5 lessons we learnt from Judy Blume
16 March 2015
By Pan Macmillan
The summer holidays have come to a decisive end and the children are back in the classroom. The return of the school run and the fact that Facebook has been entirely taken over with photos of cute kids in uniform, shiny and smiling at the prospect of their first day, has got us thinking about our own school days and the books we read then.
Who came out as our undisputed favourite author? That's right: Judy Blume. Which prompted us to load up our e-readers with Judy's best, and thereby transport ourselves through time. Suddenly, we were back to being thirteen, staying up late to read just one more chapter, by torchlight, under the covers. We pored over her hilarious, tear-jerking and, above all, honest stories all over again, stories that, the first time round, taught us everything about love, loss and heartbreak.
Sometimes we think we learnt more from Judy than we did from our teachers...
5 Lessons We Learnt from Judy Blume
1. Why you should never lie to your best friend. Here's to you Rachel Robinson
Rachel is the youngest in a family of high-achievers. She’s also the cleverest. But it’s not easy being super-intelligent. Rachel falls out with her best friends after she tries to hide the fact she's taking advanced classes. Moral of the story - it's much better to tell the truth!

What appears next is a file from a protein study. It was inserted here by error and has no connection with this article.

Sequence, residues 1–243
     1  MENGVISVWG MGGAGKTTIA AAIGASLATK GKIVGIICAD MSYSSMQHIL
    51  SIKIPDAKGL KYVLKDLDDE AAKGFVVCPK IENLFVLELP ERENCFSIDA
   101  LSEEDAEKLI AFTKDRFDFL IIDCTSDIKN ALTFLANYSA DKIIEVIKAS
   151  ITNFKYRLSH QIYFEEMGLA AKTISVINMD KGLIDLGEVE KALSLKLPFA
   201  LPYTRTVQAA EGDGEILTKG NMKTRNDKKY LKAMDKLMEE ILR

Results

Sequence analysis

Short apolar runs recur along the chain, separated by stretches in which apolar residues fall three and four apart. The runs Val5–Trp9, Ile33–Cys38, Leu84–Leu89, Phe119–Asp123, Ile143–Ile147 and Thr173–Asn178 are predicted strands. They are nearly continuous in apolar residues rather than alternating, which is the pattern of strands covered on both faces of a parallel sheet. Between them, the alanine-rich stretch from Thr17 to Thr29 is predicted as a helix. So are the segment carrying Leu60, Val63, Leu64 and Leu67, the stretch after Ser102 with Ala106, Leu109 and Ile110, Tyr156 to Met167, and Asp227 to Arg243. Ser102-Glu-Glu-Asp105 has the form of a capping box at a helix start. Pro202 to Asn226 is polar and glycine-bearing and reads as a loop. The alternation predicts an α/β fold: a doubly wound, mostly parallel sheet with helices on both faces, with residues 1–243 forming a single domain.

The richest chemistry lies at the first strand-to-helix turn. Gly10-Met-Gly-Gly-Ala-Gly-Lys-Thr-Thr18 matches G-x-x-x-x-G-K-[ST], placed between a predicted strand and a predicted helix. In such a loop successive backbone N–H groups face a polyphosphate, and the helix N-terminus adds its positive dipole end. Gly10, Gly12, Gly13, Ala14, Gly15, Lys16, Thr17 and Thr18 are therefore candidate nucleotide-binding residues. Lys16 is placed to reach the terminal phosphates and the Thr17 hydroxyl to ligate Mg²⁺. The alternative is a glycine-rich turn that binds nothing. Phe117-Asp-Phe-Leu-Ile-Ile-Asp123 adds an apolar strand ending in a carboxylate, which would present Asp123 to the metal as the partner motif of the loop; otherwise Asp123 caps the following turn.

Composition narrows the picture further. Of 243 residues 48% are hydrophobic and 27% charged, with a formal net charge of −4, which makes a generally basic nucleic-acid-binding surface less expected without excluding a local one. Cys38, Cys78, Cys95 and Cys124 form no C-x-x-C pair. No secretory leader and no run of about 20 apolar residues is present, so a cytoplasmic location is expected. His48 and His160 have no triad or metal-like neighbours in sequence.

2. How to conquer your fears and deal with loss: Tiger Eyes
Davey’s father has been murdered – and the aftermath is causing her family to fall apart. Her heartbroken mum plucks them up and takes them to stay with her prim and proper aunt in Los Alamos. Davey escapes the claustrophobic house by cycling up to the canyon, where she meets a mysterious older boy called Wolf: intense, brooding, and also about to lose someone close to him. But falling for someone won't make her dad come back - there are no easy answers when you need to stick your broken family back together . . .
3.How to be true to yourself: Deenie
'I hate it when my mother brags about me and my sister. "Deenie's the beauty and Helen's the brain."'
Mrs Fenner has very fixed ambitions for her daughters. Deenie is thirteen years old and gorgeous. Her mother wants her to be a model – but Deenie's not so sure. So when she's diagnosed with scoliosis – curvature of the spine – Deenie's almost relieved. No more traipsing round modelling agencies, no more living up to her mother's expectations. But she has to wear an ugly, uncomfortable back brace for the next four years. And she's convinced that it will put an end to normal teenage life – including her blossoming relationship with Buddy Brader . . .
4. Why you should never name your child Ralph (and sex eduction in general): Forever
Still the bravest, freshest, fruitiest and most honest account of first love, first sex and first heartbreak ever written for teens. It was a book ahead of its time – and remains, after thirty years in print, a teenage bestseller.
5. How to increase our bust: Are you there, God? It's me Margaret
Ok so maybe this one doesn't apply today but at the time it was a revelation - 'I must, I must, I must increase my bust!'